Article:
Anne was the one Brontë whose work I had not read previously, and had had barely an inclination to read. Overshadowed as her work is by that of her sisters, I suppose she’d just not shown up on my radar.
I am so glad I changed that when I picked up The Tenant of Wildfell Hall at the library, because Helen Graham has swiftly taken her place as one of my favourite literary heroines of all time. I can totally understand why many consider it as one of the first truly feminist novels.
Though I had some issues initially getting into the story, I felt it picked up a third of the way through (at the point when someone is thrown off his horse and left for dead) and from then on, I was swept away.
The novel is told through the letters of Gilbert Markham to his friend Halford. Markham wishes to relate the events that have led them to the present moment, to lay them out in order to make sense of them.
Markham relates the arrival of a mysterious stranger to their village, taking up residence in the derelict Wildfell Hall. The lady is young, dressed in widow’s garb, and is accompanied by her young son and a servant. The village is soon alive with rumours, with everyone from the vicar to Markham’s mother paying a visit to glean information. Her protectiveness over her son; her aversion to social gatherings; the unusual manner in which she has appeared, alone – all of these pose questions that drive people to her door.
Markham soon becomes infatuated by her, but his attempts to seduce her, however subtle and courteous he believes them to be, are rebuffed. Markham’s feelings for her overwhelm him, leading to suspicious, jealousy, then violence.
It is then that Helen, acknowledging her feelings for him, decides to reveal all to Markham, handing over her journal to him.
Through this journal, we learn of her dark past in a marriage that is not simply unloving, but abusive. Her husband, Arthur Huntingdon, so attractive at first meeting, soon showed his obsessive, drunken, and adulterous tendencies, and for Helen, it seemed as though there was no escape. Leaving her husband, and taking their child with her, would not simply be scandalous; at the time, it was illegal.
This theme of the socially enforced diminishing of female agency is at the core of The Tenant of Wildfell Hall, and it is very powerfully portrayed through numerous characters and relationships. The disparaging and disillusioned tone that soon permeates in Helen’s journal is striking:
“…his idea of a wife is a thing to love one devotedly and to stay at home – to wait upon her husband and amuse him, and minister to his comfort in every possible way.”
For Helen, having a degree of independence, if not financial, at least emotional, forms a key part of her happiness. Arthur does not tolerate that, continuously shifting between cruelty and neediness. Their acquaintance, Annabella, marries only for the money and the title her husband offers her. Millicent, Helen’s closest friend, was proposed marriage by a man, and not wanting to hurt his feelings, remained evasive in her answer. However, he interpreted this as a ‘yes’, and she feels obliged to marry him. Through these female characters, Brontë shows how little space for women to change their minds, and whatever choice they made would inevitably slight them in public opinion.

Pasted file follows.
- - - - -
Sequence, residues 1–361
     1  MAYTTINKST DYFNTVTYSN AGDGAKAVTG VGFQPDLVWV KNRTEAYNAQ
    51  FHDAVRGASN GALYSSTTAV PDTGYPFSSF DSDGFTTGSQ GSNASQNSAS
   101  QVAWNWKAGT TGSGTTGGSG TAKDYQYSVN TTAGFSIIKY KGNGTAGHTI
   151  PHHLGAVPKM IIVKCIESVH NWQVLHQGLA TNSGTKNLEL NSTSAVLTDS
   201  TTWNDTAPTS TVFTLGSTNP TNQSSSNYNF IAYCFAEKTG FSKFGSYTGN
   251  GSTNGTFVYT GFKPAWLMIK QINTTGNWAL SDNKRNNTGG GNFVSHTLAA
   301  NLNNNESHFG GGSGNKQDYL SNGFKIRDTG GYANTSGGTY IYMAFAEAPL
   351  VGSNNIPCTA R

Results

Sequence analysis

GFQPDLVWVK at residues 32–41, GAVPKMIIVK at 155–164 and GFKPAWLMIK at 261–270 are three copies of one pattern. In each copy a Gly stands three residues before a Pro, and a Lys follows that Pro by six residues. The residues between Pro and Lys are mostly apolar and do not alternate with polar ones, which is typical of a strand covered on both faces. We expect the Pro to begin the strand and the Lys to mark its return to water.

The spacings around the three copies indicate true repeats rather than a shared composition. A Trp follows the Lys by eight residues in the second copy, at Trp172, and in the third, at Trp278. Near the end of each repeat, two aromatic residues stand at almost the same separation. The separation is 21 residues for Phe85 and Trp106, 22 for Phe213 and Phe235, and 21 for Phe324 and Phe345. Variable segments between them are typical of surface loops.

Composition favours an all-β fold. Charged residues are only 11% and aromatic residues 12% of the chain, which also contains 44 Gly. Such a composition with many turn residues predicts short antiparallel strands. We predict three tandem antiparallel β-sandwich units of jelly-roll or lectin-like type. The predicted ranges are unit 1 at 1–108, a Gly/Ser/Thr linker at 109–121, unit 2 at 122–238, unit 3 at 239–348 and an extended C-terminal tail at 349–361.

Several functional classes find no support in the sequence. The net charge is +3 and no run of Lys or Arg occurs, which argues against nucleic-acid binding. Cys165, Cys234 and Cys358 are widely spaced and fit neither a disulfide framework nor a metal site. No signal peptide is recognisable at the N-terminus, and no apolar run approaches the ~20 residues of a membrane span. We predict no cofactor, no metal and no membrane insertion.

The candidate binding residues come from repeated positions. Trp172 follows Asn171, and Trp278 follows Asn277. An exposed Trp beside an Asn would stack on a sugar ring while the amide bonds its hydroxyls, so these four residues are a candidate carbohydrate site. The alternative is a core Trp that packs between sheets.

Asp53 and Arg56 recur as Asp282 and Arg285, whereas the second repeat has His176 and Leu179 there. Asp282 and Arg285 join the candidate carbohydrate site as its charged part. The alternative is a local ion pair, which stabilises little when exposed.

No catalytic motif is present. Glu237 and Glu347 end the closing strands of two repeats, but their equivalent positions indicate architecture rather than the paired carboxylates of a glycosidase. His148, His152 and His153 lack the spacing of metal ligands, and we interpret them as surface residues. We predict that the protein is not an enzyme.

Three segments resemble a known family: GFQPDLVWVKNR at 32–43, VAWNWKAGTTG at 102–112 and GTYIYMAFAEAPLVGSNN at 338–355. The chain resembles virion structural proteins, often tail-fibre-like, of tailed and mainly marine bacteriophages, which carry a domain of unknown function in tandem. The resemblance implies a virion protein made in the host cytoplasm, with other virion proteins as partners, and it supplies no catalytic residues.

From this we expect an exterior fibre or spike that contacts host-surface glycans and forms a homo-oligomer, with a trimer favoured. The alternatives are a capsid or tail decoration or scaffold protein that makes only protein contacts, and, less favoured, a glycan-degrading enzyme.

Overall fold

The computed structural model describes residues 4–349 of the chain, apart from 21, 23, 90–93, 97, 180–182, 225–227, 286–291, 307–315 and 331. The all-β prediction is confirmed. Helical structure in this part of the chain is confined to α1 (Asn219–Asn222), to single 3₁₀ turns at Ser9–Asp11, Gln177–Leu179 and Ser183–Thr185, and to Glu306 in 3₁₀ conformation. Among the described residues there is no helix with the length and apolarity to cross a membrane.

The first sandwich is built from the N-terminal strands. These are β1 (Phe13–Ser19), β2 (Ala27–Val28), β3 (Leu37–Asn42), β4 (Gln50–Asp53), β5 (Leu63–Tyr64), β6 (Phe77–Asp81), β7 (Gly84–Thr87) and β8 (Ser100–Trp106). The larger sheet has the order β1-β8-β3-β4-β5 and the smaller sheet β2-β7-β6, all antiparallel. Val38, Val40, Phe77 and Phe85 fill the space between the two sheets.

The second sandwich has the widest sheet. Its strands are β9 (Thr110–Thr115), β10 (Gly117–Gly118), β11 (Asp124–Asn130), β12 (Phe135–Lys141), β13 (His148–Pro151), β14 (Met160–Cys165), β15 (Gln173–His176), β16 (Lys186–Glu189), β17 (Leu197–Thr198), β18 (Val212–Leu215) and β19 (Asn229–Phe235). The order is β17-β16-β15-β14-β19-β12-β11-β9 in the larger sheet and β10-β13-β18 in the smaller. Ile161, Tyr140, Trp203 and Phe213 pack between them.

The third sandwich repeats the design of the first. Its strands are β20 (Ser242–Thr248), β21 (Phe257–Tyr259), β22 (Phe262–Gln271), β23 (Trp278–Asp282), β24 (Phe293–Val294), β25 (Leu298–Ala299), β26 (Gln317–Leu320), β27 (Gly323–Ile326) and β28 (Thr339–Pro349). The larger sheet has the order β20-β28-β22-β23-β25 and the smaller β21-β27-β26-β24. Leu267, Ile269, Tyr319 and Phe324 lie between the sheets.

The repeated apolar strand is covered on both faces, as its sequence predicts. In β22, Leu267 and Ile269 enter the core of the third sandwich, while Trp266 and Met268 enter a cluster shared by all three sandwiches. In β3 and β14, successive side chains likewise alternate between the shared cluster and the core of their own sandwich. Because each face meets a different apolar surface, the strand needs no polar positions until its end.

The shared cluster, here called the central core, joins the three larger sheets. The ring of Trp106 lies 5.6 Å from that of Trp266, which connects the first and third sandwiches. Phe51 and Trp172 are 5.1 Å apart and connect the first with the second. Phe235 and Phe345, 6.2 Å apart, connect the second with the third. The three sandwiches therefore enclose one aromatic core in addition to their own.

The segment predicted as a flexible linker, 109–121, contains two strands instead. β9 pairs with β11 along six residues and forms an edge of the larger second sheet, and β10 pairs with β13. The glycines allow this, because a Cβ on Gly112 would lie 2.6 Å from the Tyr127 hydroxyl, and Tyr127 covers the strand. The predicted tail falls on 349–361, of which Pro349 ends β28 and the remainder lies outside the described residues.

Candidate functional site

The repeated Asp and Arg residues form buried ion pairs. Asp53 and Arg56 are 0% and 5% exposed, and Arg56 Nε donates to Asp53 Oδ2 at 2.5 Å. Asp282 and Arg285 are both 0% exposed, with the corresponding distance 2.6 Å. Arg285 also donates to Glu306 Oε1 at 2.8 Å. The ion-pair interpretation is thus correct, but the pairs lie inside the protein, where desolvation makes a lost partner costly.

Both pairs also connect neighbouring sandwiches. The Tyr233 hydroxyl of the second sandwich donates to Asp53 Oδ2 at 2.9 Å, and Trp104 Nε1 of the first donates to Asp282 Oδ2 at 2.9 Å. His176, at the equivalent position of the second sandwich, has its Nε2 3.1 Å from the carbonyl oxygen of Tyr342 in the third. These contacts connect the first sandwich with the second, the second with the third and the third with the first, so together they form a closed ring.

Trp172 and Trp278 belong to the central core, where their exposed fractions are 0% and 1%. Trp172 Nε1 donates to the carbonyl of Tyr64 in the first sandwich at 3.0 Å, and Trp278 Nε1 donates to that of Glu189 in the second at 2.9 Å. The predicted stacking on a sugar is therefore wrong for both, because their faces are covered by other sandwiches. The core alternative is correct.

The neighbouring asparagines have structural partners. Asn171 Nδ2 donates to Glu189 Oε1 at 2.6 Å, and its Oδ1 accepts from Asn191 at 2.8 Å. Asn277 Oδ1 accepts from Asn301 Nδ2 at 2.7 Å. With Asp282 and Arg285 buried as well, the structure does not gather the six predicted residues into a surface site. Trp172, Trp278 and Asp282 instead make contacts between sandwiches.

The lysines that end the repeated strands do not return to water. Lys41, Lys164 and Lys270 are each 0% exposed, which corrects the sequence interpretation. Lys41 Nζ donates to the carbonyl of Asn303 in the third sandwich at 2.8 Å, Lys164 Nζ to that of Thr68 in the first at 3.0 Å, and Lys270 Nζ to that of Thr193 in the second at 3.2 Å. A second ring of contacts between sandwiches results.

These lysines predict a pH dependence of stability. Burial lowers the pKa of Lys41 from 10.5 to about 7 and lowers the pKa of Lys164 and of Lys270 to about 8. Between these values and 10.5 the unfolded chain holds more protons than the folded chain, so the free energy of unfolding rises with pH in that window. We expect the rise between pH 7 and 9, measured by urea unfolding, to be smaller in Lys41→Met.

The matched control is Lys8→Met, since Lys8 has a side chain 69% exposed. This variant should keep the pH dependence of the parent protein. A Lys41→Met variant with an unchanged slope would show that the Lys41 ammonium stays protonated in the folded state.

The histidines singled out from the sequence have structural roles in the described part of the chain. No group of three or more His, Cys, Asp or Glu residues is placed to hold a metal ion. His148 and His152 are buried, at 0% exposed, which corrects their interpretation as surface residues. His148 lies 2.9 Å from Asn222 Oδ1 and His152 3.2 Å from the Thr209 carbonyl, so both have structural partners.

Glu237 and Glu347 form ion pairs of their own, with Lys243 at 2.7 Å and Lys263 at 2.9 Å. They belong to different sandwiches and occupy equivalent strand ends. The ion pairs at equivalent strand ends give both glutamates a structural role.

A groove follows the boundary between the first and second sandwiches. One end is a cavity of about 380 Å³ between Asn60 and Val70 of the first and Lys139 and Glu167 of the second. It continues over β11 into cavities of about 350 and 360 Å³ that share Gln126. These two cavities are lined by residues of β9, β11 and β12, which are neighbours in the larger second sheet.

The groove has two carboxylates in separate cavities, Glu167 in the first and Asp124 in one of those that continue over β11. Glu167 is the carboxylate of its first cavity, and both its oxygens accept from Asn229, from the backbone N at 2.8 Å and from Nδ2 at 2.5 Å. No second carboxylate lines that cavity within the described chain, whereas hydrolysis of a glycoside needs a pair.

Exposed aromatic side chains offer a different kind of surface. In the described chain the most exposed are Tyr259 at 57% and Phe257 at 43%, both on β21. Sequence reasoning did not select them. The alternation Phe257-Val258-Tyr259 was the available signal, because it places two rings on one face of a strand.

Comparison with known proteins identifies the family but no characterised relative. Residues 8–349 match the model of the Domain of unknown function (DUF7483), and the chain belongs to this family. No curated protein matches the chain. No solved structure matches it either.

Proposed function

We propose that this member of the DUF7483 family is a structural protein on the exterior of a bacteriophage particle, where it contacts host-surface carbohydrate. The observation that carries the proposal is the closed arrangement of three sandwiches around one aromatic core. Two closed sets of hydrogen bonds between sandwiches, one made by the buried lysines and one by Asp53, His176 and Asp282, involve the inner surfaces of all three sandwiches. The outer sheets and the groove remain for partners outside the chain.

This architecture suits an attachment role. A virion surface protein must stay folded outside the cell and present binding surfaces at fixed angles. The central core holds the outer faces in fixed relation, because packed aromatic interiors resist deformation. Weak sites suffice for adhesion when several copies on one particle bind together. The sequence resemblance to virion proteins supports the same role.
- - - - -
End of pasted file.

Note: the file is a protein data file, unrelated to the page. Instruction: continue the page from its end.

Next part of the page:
Aside from the central explorations of female agency and romance, Bronte also depicts themes of addiction, religion, and forgiveness. Much like her sister Emily’s Wuthering Heights, The Tenant of Wildfell Hall shocked and scandalised readers (including their sister, Charlotte), particularly for the detail in which Arthur Huntingdon’s debauchery is described. One can only imagine the further scandal when the author, Acton Bell, was revealed to be a woman writing under a pseudonym. Anne always insisted, however, that she did so to show how destructive such wrong-doing was – she wanted to warn her readers rather than encourage them. The high moral standards to which Helen holds everyone to account may seem excessive and repetitive now. For Anne, though, Helen’s character seems to have been necessary not simply for admonishing other characters, but also for staying true to these morals in spite of the challenges she faces.
As with many of her contemporaries, including her sisters, Anne made use of layered narratives and shifting chronologies: the letters from Markham relating past events, as well as Helen’s journal (her ‘voice’ from an even more distant past), then returning to Markham’s ‘voice’ in his letters to bring us to the present. I understand why some readers may take issue with the letters/journal form of the narrative – I agree that Helen’s words may have had so much more power had she related her story as part of the narrative, rather than in a journal that she simply hands to another character.
Nevertheless, I was captivated, by Helen most of all. I wasn’t expecting the kind of strength she shows, even in admitting her own mistakes. I don’t quite understand her sudden attraction to Markham (who I found to be a rather dull and immature narrator, let alone romantic interest for the heroine). I’ll let that slide though – if Brontë believed they made a suitable match, so be it – there’s hardly much I could do to change that now!
One last thing. I adore imagery like this:
“…he knows he is my sun, but when he chooses to withhold his light, he would have my sky to be all darkness; he cannot bear that I should have a moon to mitigate the deprivation.”
It beautifully captures Helen’s despair, the torment she was forced to withstand when the man she loved was simultaneously so cold towards her and so possessive.
Overall, The Tenant of Wildfell Hall is a cracking page-turner, one I’m so glad I read (even if it did take me far too long to take any notice of Anne’s work).
*This edition of The Tenant of Wildfell Hall was published by Penguin Random House as part of their Penguin English Library series.